The purpose of this study was to examine the relationships among active transport, electronic device-use, and self-reported school week moderate-to-vigorous physical activity (MVPA) in a sample of adolescents. The sample consisted of 1445 adolescents enrolled in the Family Life, Activity, Sun, Health, and Eating study. A panel research organization invited panel members balanced to the US population on sex, census division, household income and size, and race/ethnicity. Web-based surveys were administered to each selected adolescent. Adolescents answered questions pertaining to out-of-school electronic device-use and active transport to and from school. Predicted weekly minutes of MVPA were calculated from the Youth Activity Profile. The outcome variable was predicted school week MVPA (in minutes). The predictive utility of device-use and active transport variables on self-reported school week MVPA were examined using weighted multiple linear regression models. After adjusting for age, sex, and BMI, active transport to school (b = 12.32, 95% CI [9.72–14.93], p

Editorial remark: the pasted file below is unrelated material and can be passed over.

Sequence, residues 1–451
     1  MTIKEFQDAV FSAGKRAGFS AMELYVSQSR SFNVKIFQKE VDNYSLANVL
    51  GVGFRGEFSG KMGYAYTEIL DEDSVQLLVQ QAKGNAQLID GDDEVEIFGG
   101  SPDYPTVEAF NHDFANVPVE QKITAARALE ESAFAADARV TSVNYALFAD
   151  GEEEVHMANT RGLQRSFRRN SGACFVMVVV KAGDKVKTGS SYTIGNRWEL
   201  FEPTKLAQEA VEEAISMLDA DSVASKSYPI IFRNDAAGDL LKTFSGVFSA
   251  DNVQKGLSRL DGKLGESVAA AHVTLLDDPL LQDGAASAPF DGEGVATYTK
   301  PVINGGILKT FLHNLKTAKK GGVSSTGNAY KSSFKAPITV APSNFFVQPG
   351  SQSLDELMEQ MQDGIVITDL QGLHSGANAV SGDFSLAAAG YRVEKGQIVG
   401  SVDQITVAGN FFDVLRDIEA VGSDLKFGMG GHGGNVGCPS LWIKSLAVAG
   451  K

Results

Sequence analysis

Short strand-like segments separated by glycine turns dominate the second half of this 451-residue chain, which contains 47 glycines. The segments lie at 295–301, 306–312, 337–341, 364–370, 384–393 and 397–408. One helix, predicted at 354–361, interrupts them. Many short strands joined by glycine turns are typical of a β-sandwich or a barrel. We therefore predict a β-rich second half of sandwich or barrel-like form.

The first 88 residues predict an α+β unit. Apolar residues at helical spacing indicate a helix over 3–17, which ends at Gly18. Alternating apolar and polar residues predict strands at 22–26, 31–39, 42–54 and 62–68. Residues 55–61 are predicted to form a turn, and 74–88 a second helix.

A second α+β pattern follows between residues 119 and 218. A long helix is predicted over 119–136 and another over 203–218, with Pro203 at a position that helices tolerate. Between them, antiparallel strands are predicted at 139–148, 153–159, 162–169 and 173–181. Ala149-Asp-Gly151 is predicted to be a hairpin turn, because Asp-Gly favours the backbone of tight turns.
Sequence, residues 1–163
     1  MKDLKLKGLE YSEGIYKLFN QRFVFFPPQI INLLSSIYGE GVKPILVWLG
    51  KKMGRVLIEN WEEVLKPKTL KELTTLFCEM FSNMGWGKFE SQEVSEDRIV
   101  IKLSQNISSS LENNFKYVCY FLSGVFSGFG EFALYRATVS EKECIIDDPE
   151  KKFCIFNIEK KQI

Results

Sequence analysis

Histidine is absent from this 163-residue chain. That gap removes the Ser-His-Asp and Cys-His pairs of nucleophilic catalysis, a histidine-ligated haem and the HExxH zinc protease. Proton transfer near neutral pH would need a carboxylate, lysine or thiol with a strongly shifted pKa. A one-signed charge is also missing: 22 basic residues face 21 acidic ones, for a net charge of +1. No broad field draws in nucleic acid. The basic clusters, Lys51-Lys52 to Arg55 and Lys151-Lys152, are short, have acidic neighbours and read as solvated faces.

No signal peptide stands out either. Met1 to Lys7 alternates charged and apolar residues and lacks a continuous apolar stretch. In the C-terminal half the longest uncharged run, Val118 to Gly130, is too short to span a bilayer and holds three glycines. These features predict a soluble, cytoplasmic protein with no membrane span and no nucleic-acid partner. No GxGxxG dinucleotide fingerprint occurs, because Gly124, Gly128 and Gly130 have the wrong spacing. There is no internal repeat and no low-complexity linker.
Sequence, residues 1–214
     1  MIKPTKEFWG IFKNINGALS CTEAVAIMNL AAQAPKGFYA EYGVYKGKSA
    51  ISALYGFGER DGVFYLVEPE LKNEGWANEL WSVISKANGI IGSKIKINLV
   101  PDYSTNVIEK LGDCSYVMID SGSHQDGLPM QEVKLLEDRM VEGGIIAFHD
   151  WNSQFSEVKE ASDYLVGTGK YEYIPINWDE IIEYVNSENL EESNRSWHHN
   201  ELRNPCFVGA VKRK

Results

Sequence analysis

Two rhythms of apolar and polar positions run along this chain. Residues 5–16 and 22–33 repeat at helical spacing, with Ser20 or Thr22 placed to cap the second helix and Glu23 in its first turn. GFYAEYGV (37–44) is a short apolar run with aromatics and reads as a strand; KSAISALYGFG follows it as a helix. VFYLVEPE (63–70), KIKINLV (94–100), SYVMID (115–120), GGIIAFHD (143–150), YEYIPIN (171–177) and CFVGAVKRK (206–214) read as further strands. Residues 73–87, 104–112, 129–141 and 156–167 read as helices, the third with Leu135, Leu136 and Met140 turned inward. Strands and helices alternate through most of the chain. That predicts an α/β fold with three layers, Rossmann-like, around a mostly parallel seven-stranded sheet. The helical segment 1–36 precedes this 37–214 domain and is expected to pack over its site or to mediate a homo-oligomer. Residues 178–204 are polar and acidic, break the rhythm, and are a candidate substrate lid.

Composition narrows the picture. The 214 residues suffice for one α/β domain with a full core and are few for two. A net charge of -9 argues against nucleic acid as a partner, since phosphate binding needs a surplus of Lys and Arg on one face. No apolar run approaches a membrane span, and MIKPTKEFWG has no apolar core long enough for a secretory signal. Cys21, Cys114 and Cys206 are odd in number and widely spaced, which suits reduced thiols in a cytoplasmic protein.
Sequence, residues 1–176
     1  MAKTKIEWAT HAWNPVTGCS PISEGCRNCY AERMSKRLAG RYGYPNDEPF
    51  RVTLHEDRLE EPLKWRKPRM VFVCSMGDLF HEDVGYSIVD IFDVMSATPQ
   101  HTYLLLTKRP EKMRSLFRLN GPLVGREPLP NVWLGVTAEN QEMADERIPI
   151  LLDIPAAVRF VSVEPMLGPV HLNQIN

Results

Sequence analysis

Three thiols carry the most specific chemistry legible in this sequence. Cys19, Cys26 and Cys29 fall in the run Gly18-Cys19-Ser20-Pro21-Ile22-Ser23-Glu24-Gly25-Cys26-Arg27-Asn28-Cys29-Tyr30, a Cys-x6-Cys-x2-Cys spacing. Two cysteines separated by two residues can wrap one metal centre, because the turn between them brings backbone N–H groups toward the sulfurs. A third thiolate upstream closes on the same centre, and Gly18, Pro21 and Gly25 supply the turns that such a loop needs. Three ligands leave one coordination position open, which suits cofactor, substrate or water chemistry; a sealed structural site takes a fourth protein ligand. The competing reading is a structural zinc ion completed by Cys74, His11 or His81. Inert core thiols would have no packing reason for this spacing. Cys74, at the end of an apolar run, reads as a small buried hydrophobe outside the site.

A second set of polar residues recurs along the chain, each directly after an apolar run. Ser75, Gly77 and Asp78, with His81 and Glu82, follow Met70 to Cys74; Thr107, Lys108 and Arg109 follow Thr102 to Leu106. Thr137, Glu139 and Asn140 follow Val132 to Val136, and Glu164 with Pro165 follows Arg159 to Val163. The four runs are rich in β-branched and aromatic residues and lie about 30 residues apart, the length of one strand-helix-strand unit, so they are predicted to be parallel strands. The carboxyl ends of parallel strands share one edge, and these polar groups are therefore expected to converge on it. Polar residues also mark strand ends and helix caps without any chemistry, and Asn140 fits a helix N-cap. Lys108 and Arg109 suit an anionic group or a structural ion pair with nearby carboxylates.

< 0.001) and from school (b = 7.18, 95% CI [4.79–5.57], p
< 0.001) were significantly associated with self-reported school week MVPA. No device-use variables were significantly associated with school week MVPA. Active transport to and from school may have an impact on school week MVPA in adolescents.
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